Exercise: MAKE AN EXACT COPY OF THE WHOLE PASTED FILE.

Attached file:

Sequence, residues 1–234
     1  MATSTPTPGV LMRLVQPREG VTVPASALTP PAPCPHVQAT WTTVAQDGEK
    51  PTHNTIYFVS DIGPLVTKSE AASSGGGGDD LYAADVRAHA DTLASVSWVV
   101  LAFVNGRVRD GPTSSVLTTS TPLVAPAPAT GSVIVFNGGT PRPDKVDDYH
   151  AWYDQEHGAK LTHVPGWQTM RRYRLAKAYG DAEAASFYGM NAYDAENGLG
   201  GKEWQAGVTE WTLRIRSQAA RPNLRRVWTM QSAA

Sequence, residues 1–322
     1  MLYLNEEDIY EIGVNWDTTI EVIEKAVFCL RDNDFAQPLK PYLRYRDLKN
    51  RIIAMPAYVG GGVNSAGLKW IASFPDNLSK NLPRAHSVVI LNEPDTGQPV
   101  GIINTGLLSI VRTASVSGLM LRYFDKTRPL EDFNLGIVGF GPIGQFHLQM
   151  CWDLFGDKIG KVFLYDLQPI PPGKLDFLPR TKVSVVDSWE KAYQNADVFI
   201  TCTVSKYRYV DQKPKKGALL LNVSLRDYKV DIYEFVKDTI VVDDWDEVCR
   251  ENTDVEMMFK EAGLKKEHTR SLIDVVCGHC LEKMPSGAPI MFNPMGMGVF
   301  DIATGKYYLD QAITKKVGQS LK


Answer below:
Sequence, residues 1–234
     1  MATSTPTPGV LMRLVQPREG VTVPASALTP PAPCPHVQAT WTTVAQDGEK
    51  PTHNTIYFVS DIGPLVTKSE AASSGGGGDD LYAADVRAHA DTLASVSWVV
   101  LAFVNGRVRD GPTSSVLTTS TPLVAPAPAT GSVIVFNGGT PRPDKVDDYH
   151  AWYDQEHGAK LTHVPGWQTM RRYRLAKAYG DAEAASFYGM NAYDAENGLG
   201  GKEWQAGVTE WTLRIRSQAA RPNLRRVWTM QSAA

Sequence, residues 1–322
     1  MLYLNEEDIY EIGVNWDTTI EVIEKAVFCL RDNDFAQPLK PYLRYRDLKN
    51  RIIAMPAYVG GGVNSAGLKW IASFPDNLSK NLPRAHSVVI LNEPDTGQPV
   101  GIINTGLLSI VRTASVSGLM LRYFDKTRPL EDFNLGIVGF GPIGQFHLQM
   151  CWDLFGDKIG KVFLYDLQPI PPGKLDFLPR TKVSVVDSWE KAYQNADVFI
   201  TCTVSKYRYV DQKPKKGALL LNVSLRDYKV DIYEFVKDTI VVDDWDEVCR
   251  ENTDVEMMFK EAGLKKEHTR SLIDVVCGHC LEKMPSGAPI MFNPMGMGVF
   301  DIATGKYYLD QAITKKVGQS LK